Repeat back to the customer: Make it a point to repeat back a customer's needs, wants, requests, complaints. It avoids mis-communication and it validates a human need to be understood.

Stress: Take the stress out of the customer's life. Choices, options, doing what's right, respecting them and their needs, asking them what works best, being solution-based. All this eliminates stress. That's a customer-service plus!

Thanks: I like the way airlines put it: “We know that you as an air traveler have choices, and we would like to thank you for choosing our airline.”

Understand: We know what's going on in our own lives, but rarely do we understand what's going on in a customer's life. Try to.

Value: Although value for the money is important to today's consumer, as important is perceived value. Exemplary customer service is perceived, and the saying goes, “Perception is reality.”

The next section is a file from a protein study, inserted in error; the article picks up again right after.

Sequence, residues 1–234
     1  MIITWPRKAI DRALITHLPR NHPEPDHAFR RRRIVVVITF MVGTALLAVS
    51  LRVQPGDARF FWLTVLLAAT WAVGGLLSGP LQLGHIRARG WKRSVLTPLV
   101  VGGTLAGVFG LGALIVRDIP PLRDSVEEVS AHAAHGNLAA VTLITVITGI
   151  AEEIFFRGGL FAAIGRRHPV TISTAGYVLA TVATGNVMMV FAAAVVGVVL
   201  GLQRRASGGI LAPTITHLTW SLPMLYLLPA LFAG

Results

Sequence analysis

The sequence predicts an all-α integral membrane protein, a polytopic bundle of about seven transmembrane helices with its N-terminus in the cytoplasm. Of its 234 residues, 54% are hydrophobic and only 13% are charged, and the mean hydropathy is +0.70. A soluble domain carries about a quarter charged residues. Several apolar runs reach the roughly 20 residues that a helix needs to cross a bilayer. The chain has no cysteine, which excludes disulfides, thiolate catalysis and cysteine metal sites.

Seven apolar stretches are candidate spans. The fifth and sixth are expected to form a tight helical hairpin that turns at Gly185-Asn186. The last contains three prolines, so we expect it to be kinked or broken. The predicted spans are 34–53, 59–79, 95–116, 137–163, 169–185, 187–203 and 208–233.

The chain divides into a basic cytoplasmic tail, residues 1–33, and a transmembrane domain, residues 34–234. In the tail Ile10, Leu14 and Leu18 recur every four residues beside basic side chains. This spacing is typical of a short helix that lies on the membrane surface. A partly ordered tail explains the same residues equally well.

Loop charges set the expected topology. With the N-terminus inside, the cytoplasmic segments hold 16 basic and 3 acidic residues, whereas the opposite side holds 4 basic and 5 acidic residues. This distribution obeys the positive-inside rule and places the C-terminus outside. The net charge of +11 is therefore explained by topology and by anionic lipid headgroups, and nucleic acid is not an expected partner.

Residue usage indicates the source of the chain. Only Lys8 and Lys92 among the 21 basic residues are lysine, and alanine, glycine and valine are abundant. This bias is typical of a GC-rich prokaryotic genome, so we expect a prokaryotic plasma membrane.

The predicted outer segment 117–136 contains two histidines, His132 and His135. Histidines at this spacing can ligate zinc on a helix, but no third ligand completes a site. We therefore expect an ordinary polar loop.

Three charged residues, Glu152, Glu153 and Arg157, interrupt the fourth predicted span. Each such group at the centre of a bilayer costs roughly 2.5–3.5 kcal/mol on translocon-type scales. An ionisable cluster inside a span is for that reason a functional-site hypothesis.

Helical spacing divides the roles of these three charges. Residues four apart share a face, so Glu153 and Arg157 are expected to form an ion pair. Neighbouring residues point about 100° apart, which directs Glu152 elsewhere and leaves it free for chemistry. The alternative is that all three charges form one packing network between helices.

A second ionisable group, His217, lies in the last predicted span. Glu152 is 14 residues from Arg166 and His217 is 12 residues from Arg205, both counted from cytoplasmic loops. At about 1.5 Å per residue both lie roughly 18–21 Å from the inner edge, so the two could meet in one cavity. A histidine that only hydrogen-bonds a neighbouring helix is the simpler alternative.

Vision: Great leaders share their company vision with all their employees. It gets everyone working together toward the same goals.

Wow: Great customer service is about “wowing” them. It's important to make them feel important and to realize how important they are to you. People can find “average” anywhere.

Xtra Special: Andre Schwartz, a great hotel manager in Alberta, Canada, says: “Customer service is not necessarily about adding more products and services. It's about making their visit extraordinary and doing the little extras the customer wouldn't expect.”

Yes: Make a habit of saying “yes.” Avoid saying “can't” or “no.” Anyone can say that and it's a quick way to turn off customers. Find ways to say “yes” (though not always unconditionally, of course.)

Zen and the art of graceful service: One should receive great balance and inner peace (and more customers) if they follow the principles of A-to-Z.

(Special thanks for assistance with this go to Dave Richardson and Dan Skrobot, collaborators and customer service connoisseurs.)

Dave Skrobot is vice president of parts/service training for Automotive Sales College, 1-888-681-7377.